There are more aspects of bluebird nesting to look at. For instance, the time from when an egg hatches until the chick leaves the nest could be longer in recently burned areas if there is less food (i.e., arthropods) available. In the meantime it appears the bluebirds are living well at Shaw Nature Reserve.

BluebirdAndBox

Eastern Bluebird (left) and bluebird nest box (right) at Shaw Nature Reserve. Photo credits: (L) Bluebird by Andy Reago & Chrissy Mclarren; (R) bluebird nest box by Rachel Weller.

Monitoring Breeding Birds at Shaw Nature Reserve

The best time to start a long-term dataset is 25 years ago. The second-best time is now!

Summer solstice is the height of the bird breeding season at Shaw Nature Reserve. Dozens of species are singing, from Dickcissels in the open prairies, to Prothonotary Warblers in the damp forests along the Meramec River, to near-ubiquitous Blue-gray Gnatcatchers, seemingly everywhere.

 

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For six days this month, two students and I are counting birds systematically across Shaw Nature Reserve to learn how they are influenced by ecological restoration. Birds are a common focus for monitoring restoration projects because they can be observed efficiently over large areas, and because they often respond quickly to changes in ecosystem structure. Ovenbirds, for instance, prefer the dark shade of closed-canopy forests, whereas Kentucky Warblers replace them in woodlands that have been burned (fire is a common restoration strategy in many Missouri ecosystems).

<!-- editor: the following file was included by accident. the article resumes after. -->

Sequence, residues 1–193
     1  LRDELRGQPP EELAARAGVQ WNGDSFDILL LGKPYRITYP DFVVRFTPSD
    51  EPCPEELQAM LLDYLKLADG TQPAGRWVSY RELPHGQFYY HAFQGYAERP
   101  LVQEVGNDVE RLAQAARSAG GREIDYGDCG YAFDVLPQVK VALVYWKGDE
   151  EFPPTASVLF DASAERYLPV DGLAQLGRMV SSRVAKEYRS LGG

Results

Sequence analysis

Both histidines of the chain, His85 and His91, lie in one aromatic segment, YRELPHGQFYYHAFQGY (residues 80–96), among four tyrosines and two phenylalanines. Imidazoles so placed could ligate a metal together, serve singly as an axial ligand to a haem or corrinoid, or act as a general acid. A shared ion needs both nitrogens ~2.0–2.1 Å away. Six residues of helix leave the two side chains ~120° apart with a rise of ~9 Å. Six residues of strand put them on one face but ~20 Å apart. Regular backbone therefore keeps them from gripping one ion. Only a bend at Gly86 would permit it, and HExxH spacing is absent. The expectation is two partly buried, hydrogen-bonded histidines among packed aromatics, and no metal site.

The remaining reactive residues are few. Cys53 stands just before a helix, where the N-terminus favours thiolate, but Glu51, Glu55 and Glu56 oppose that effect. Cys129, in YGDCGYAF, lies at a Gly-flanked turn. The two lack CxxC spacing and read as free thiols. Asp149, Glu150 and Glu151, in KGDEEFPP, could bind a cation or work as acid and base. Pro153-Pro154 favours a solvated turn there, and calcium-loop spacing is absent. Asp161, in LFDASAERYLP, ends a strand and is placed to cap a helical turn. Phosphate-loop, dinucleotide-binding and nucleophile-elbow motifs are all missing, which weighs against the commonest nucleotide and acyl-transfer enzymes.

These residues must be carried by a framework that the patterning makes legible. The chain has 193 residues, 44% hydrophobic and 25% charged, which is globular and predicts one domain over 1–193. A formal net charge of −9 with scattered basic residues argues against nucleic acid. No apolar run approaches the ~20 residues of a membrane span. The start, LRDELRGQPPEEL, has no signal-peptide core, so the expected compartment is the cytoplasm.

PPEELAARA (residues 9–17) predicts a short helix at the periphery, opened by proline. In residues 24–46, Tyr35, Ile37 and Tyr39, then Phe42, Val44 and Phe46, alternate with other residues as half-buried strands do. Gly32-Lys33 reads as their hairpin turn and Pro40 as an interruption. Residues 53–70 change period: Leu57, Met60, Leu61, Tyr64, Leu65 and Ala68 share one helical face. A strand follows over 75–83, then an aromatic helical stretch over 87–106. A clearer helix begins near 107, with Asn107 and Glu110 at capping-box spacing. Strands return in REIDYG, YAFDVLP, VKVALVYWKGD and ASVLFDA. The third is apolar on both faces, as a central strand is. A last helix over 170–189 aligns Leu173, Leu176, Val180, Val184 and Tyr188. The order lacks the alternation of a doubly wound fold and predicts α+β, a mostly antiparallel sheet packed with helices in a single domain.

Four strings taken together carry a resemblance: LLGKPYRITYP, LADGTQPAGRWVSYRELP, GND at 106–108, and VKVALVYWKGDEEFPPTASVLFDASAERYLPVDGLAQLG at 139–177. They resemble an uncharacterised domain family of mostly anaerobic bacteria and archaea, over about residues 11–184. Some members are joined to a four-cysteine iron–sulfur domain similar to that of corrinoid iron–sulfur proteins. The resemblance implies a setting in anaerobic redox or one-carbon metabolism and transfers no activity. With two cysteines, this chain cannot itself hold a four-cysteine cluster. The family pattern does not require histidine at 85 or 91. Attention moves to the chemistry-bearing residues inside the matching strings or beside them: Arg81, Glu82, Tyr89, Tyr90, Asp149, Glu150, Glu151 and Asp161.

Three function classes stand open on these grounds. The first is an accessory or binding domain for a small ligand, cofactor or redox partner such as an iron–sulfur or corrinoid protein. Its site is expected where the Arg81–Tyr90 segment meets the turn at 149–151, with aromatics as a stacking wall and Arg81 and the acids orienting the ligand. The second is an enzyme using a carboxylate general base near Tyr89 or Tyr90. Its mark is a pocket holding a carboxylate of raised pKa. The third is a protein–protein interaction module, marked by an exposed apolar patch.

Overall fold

Map

Locations of bird counting stations at Shaw Nature Reserve. Each point is at least 100 meters from the edge of a management unit and at least 200 meters from any other station.

A typical bird survey goes like this:

  • 4:20 AM. I pour a travel mug of coffee, pick up a student to help record data, and drive to Shaw Nature Reserve in the dark. There are way too many deer along the side of I-44.
  • ~5:00 AM. We arrive at Shaw Nature Reserve in twilight and hear a cacophony of birds singing over one another. Indigo Buntings scatter from the loop road ahead of our car.
  • ~5:15 AM. We arrive at the first bird counting station and record the temperature, cloud cover, and wind speed. For five minutes, we write down each bird that we hear or see. Sometimes during these early morning counts, nocturnal birds, like Chuck-will’s-widow, are still calling.
  • ~5:30-10:00 AM. After we finish a point, I set my GPS to navigate to the next point on our route and we continue to record birds until mid-morning, by which time it is warm and many birds have stopped singing (although the Red-eyed Vireos are still going strong).
Combo

Leighton Reid (left) listens to Wood Thrushes and Northern Parulas while REU student Joseph Smith (Lake Superior State University, right) records data. As indicated by the abundant bush honeysuckle (Lonicera maackii; e.g., by Leighton’s right leg), this particular part of the reserve has yet to be restored.

This is our inaugural bird survey at Shaw Nature Reserve. Unlike many of my projects, this one does not have explicit apriori hypotheses; I’m not trying to “test” anything. Instead, I intend for these data to be used for monitoring and demonstrating progress. Over time, I hope and expect these observations to provide a record of biodiversity change as portions of the reserve are restored and managed.

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Counting Common Yellowthroats, Dickcissels, and Red-winged Blackbirds at dawn at the Wetland Mitigation Bank.

For more information on breeding birds at Shaw Nature Reserve, you can explore citizen science observations on eBird, including this printable checklist of birds recorded in June during the past 10 years.